Sramana Mitra: In terms of the monetization strategy, it sounds like you needed advertisers through the ad networks who were going after the student demographics.
Neal Taparia: That’s correct.
Sramana Mitra: Were there ad networks specifically focused on that demographic or were you just working with various ad networks and finding the segment match with each of them?
Neal Taparia: There were ad networks that tried to focus on that particular segment.
Sramana Mitra: HotChalk was one of them, right?
Neal Taparia: Exactly. Those companies did not last too long. HotChalk pivoted from that model.
Sramana Mitra: They couldn’t monetize that.
Neal Taparia: They moved more into in-classroom management, which was a good pivot. I think HotChalk had a great success story that way. We ended up working with a bunch of different ad networks. We built processes and technologies to make these ad networks effectively compete against each other. That was what helped us achieve strong ad rates and revenues.
Sramana Mitra: What kind of CPMs were you able to get with this high engagement model?
Neal Taparia: It would range. On average, we were seeing CPMs between $1 to $2.50, which was pretty significant when we looked at similar sites. It ended up being a good model for us. We learned that we should continue to focus on it.
When we understood that we were doing a lot better than our peers, we also tried pursuing the direct advertising route, which means going directly to brands and seeing if they’re interested. One hurdle is that our site was more of a transaction utilitarian site as opposed to a site where you’re going with user intent.
A good example of that is a site where you can compare a car model. Clearly, you have an intent to purchase a car. If you’re coming to our educational site, there is no purchase intent there. Working with the ad networks was really the best thing we can do given the niche that we were in.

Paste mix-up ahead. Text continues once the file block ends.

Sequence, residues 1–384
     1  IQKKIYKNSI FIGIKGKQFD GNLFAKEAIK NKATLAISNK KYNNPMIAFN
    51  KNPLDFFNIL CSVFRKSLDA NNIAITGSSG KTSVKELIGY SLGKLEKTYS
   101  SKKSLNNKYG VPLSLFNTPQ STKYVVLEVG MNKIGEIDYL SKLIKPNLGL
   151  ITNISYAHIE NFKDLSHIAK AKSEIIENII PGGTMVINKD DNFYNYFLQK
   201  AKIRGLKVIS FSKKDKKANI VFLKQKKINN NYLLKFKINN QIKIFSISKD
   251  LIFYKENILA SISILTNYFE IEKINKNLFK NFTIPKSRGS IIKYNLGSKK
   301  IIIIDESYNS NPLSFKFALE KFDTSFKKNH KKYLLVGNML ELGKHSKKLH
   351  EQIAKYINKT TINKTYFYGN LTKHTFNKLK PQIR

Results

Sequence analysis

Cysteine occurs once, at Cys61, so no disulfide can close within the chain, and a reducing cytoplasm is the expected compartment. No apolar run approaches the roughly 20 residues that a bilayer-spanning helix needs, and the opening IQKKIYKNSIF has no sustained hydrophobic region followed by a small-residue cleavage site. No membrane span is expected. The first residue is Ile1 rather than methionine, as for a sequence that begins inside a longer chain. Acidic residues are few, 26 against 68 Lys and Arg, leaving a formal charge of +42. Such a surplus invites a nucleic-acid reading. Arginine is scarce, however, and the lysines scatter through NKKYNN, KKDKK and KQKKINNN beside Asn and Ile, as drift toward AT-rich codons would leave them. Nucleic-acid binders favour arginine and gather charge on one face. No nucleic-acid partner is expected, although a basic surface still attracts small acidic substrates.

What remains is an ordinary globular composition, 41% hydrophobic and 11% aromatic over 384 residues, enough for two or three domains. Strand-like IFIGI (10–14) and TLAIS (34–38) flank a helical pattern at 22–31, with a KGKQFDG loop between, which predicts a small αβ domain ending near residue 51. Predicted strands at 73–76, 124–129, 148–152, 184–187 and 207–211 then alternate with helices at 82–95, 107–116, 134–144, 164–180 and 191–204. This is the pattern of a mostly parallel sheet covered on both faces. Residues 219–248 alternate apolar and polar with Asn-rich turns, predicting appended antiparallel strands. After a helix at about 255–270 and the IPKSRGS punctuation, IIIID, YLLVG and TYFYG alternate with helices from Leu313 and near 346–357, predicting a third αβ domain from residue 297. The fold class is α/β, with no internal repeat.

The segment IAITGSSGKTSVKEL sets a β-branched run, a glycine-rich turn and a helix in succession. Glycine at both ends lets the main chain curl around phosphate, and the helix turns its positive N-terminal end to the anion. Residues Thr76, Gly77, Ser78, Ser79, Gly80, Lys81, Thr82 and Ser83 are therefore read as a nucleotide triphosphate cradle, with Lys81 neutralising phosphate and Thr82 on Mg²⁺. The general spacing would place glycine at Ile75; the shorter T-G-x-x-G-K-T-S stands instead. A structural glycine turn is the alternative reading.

Sramana Mitra: How big did you build that business from a revenue point of view?
Neal Taparia: By the time we sold it in 2016, ads were nearing $20 million. Part of the success of that was because we had started acquiring all our competition in the space for six to seven years prior to that. We were able to go to all our competitors and build relationships with them.
We knew in the long term, our goal was to consolidate the space. That was something that I learned at Lehman Brothers. We made our first acquisition in 2011. It was a site called BidMe started by a group of Carnegie-Mellon students. These guys were smart. They figured out how to build some better technology. They started getting some traction. We had reached out to them to build a relationship.
Our philosophy was to build strong relationships because we knew down the road, it could turn into something. Eventually we were able to get the guys to come to the table. We acquired that site for half a million dollars. Having a business with no investment in it, our balance sheet was about $600,000.
It was nerve-racking to make that acquisition and to manage payroll. As an entrepreneur, you’re always paranoid about what can happen that you don’t anticipate.
We had looked at the data on BidMe. We realized that with all the things we had learned around subscription businesses and ad businesses, we could acquire the site and it could potentially be very accretive to us. Modeling out and acquisition is one thing; executing on it is a totally different thing.
We moved forward with it. We were extremely lucky because our models turned out to be correct. We were able to recoup our investment within a year, which was huge for us. It also taught us and gave us conviction that this was a great model for us moving forward.